HuntX Scale (Low 1 - 5 High)
- Lodging & Accommodations: Backpack Tent?
Lodging & Accommodations Scale
5 - Cabin/Lodge
4 - Bunk House/Trailer
3 - Wall Tent
2 - Backpack Tent
1 - Client Provided/Hotel
Sleeping tents will be high quality Hilliberg Soulos, one for each individual. Most other sheep hunts known as backpack hunts are merely just a hike out of a set spike camp. This outfitter prides themselves on running long-range no trace, true backpack sheep camps, almost never sleeping in the same spot for more than one night.
- Menu & Food: Backpack Food?
Menu & Food Scale
5 - 5 Star Catered
4 - Full Kitchen
3 - Field Kitchen
2 - Backpack Food
1 - Client Provided
Food will be freeze dried meals with precooked meats vacuum sealed. There will be a combination of most foods expected on a remote hunt, jerky, trail mix, dried fruit, with some full meals cooked in camp. You may need to use a boat in some camps.
- Physical Conditions: Extreme Back Country?
Physical Conditions Scale:
5 - All Vehicle Access
4 - Light Hiking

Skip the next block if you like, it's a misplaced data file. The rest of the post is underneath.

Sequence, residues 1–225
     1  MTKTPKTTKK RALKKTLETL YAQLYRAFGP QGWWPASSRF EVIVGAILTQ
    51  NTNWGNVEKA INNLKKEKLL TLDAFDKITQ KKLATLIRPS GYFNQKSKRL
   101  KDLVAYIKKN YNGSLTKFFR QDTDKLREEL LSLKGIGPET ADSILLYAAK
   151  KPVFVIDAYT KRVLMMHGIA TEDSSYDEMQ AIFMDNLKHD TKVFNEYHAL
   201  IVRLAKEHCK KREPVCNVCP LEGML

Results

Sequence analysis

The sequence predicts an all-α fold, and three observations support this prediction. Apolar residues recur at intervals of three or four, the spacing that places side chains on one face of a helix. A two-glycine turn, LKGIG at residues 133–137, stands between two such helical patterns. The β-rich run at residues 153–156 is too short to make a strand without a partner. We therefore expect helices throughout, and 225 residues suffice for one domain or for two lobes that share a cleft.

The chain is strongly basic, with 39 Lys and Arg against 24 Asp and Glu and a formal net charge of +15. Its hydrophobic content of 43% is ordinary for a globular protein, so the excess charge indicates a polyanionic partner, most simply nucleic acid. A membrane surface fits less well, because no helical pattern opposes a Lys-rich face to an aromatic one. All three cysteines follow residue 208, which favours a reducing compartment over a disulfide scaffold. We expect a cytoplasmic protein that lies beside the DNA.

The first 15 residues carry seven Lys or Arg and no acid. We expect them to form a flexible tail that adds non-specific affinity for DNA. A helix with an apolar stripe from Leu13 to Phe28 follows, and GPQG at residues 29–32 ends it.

3 - Moderate Hiking
2 - Heavy Hiking
1 - Extreme Back Country
Hunter should expect some heavy hiking for this trip. Spike camp will be used throughout the 8 days and camps will be mobile.
Transportation (To/From Basecamp)
You will fly into Fairbanks, AK From Fairbanks there are two basic options to camp fly or fly. First option is to fly on a chartered flight from Fairbanks into a staging strip or Kavik with Wrights Air Service. Second option is to fly from Fairbanks to Deadhorse, Alaska (also referred to as Prudhoe Bay). There are commercial flights each day into Deadhorse with Alaska Airlines on an average cost of $650. From Kavik you will fly in a bush plane, supercub one passenger airplane, into spike camp with a high time Alaskan pilot. You and your professional guide will be strategically placed in an area that gives you the best chance for obtaining your primary species hunted.
- Lodging & Accommodations
- Menu & Food
- Physical Conditions